Iran, Russia discuss Superjets, trade in local currencies
Russian Energy Minister Alexander Novak says Moscow and Tehran have discussed deliveries of Sukhoi Superjet 100 passenger planes to Iran amid uncertainties about deals with Boeing and Airbus.
"We discussed the possibility of Sukhoi Superjet 100 purchase by our Iranian partners and outlined a plan of how this can be put it into practice," Russian media quoted him as saying in Moscow Tuesday.
He made the remarks after a joint commission meeting of the two countries’ officials, stating that the two sides also agreed on supplies of Russian-made vehicles, such as KAMAZ and UAZ buses and trucks, to Iran.
"Today we discussed the deliveries of rail carriages. We have already delivered 1,200 of them and plan to deliver about 3,000 in 2018," the Rossiya-24 TV channel quoted him as saying.
The two sides were also working to sign free trade documents between Iran and the Eurasian Economic Union countries possibly in May, Novak said.
"The move to enter into a temporary agreement making for a free trade zone to be set up between Iran and the Eurasian Economic Union, which is currently at an advanced stage, will obviously trigger further development of our bilateral trade and expansion of investment cooperation," he said.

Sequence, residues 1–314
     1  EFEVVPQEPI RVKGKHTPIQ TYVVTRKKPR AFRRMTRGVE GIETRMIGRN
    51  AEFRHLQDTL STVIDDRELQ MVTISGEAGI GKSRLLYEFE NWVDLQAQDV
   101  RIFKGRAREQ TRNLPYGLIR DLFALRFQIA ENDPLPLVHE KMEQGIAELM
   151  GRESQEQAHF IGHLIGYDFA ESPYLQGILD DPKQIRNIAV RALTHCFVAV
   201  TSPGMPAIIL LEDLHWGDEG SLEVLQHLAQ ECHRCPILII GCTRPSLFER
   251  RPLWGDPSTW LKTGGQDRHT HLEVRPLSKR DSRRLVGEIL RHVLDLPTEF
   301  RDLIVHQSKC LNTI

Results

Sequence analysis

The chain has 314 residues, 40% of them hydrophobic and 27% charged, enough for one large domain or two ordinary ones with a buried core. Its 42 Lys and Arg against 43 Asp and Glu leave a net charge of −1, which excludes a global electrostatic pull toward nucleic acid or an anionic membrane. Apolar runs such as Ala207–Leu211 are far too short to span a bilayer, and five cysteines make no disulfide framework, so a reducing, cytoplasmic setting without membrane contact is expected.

Talks on establishing a free trade zone between Iran and the group which includes Russia, Armenia, Belarus, Kazakhstan and Kyrgyzstan began in 2015.
Novak said Russia and Iran also need to step up work to increase their volume of trade in national currencies.
According to the Russian minister, bilateral trade in 2017 stood at $1.7 billion, but “there are still unresolved issues”.
“I think it is necessary to intensify the work in this direction with a view to ensure an increase in the volume of trade in our national currencies, and to further simplify the calculation procedures," Novak said.
Last month, a Sukhoi Superjet 100 landed at Tehran’s Mehrabad airport for review by Iranian aviation experts and officials with the aim of possible purchases.
The 108-seat twin-engine SSJ-100 is among Iran's options for renovation of its fleet of regional jets, alongside Japan's Mitsubishi Regional Jet and Brazil's Embraer. However like Boeing and Airbus, the companies need clearance from the US Office of Foreign Assets Control (OFAC) for trade with the Islamic Republic.